Updating every 30 minutes, the system responds quickly to changing conditions.

When rainfall is high in susceptible areas, either cumulatively for the week or for the current day, the system issues a nowcast alert—a term borrowed from meteorology—that identifies areas with a high or moderate landslide probability. Updating every 30 minutes, the system responds quickly to changing conditions but can’t predict landslides, according to Kirschbaum.

Although LHASA is not the only landslide alert system in the world, it’s the first and only system to attain a global reach, Kirschbaum said. Places like Japan and Hong Kong utilize high-tech landslide alert systems, and the USGS has experimented with a system in the Bay Area, but these only operate on a regional scale.

Pros and Cons of the Broad Brush

Other hazard scientists gave the new model mixed reviews in interviews with Eos.

Geographer and landslide expert David Petley at the United Kingdom’s University of East Anglia, called the model “an excellent development for identifying potential problems across a region. … It will permit wide-area analysis and preparedness and marks a step toward better understanding [landslide hazards].” Petley is the author of The Landslide Blog, an editorially independent blog hosted by the American Geophysical Union, publisher of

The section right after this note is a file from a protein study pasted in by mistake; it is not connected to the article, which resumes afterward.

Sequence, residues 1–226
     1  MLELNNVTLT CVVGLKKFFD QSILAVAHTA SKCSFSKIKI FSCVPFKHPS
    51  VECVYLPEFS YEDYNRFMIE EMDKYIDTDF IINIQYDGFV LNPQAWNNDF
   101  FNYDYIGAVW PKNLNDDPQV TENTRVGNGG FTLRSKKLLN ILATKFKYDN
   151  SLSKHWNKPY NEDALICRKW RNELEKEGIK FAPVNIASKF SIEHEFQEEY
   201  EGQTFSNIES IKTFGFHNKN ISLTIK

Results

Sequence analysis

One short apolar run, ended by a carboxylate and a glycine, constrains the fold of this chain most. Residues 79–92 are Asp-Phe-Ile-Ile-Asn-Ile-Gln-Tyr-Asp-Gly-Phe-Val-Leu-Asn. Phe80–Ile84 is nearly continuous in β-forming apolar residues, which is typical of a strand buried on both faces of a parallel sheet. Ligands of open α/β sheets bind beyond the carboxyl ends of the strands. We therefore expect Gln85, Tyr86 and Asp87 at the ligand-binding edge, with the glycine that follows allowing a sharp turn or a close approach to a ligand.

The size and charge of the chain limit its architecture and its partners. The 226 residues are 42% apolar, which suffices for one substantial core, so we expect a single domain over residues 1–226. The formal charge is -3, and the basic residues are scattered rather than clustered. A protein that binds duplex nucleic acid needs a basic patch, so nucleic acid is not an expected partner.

However, he noted that because the model depends on satellite data limited to 1-kilometer resolution, it could miss finer-grain conditions and events that cause many landslides, like degraded slopes or highly localized heavy rainfall. Nevertheless, the model’s assessments should increase the chances of recognizing pending landslides in remote locations, where communications are difficult, and thereby improve rescue response, he said.

Only time will tell if response and aid agencies find the nowcasts helpful.

Landslide hazards coordinator Jonathan Godt, of the USGS Geologic Hazards Science Center in Golden, Colo., noted that nothing currently provides a comprehensive understanding of where rainfall-triggered landslides occur around the world. By collecting and displaying landslide-related information across the whole spectrum of climates and geological settings, the model will likely help researchers better understand these hazards. But, he cautioned, only time will tell if response and aid agencies find the nowcasts helpful.